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5 Questions for Michael Moore from Thomas Jefferson

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Posted on March 31 2011 6:00 am
Diane Schrader, a former television news writer/producer, lives with her family in Los Angeles. She likes a nice cup of tea. Follow her on Twitter.

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That whole up-is-down, black-is-white thing that the Left’s got going does leave a sane person wondering if they’re all off their meds. How else to explain professional blowhard Michael Moore’s appearance on Colbert this week, where he offered up several big heapin’ helpings of crazy. Bet you didn’t realize Professor Moore was a scholar and expert on all things Founding Father-related? Or that he and Thomas Jefferson had so much in common? Check it out:

Quite a compendium of misleading statements, outright lies, and utter nonsense, no? The coup de grace has got to be that mangling of the legacy of Thomas Jefferson to serve Moore’s own fevered fantasies of collectivism. I don’t know which quote book he’s using, but as far as I can tell Jefferson never said, as Moore claims, “the earth belongs to all of us and we are to share in its resources and labor.”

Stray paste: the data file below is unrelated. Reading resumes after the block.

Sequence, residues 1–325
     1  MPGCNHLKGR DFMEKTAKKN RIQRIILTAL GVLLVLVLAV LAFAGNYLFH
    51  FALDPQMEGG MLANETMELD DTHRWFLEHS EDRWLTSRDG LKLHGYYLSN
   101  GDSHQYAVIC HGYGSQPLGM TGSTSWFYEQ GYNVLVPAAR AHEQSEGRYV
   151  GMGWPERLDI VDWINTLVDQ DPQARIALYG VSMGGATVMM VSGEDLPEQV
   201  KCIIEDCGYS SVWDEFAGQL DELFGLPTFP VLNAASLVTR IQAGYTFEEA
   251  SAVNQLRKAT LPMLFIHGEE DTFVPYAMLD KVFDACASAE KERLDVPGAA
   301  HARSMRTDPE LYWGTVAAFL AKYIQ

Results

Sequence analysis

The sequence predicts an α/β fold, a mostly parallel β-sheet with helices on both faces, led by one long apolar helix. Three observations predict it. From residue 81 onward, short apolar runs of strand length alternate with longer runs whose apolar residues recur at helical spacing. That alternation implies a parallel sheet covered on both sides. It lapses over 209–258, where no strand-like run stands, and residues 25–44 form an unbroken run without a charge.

Best I can tell, this is the quote that Moore was attempting to torture into Marxism: “The earth is given as a common stock for men to labor and to live on… Wherever in any country there are idle lands and unemployed poor, it is clear that the laws of property have been so far extended as to violate natural right. Everyone may have land to labor for himself, if he chooses; or, preferring the exercise of any other industry, may exact for it such compensation as not only to afford a comfortable subsistence, but wherewith to provide for a cessation from labor in old age.”

The somewhat controversial implication that Jefferson did indeed appear to make was that IF there were land/resources that were not being used, and IF there were poor people sitting around doing nothing and not providing for themselves, then perhaps some of that land/resources should be redirected to said poor people. But remember the time and place in which Jefferson made his statements. I think it’s safe to assume that there was significant land sitting around that was not yet considered anyone’s legal private property (after all, the West hadn’t been settled yet).

But note that Jefferson went on to promote that poor people should be exercising some industry of their own, and that they were to earn not only what would make them comfortable now, but MORE than they needed (retirement savings, as it were).

Contrast that with Moore’s utterly unhinged idea that the richest people in this country have “sucked wealth” out of the economy and are “sitting on it.” But Mr. Moore – aren’t they doing exactly what Jefferson was suggesting?

In fact, I have a few more questions for the Left’s favorite filmmaker – because, after all, all quotes are best studied in context. Let’s take a look at a few more of Jefferson’s quotes, and see how they line up with Moore’s “workers of the world unite” rhetoric.

First: On the connection between working and eating…

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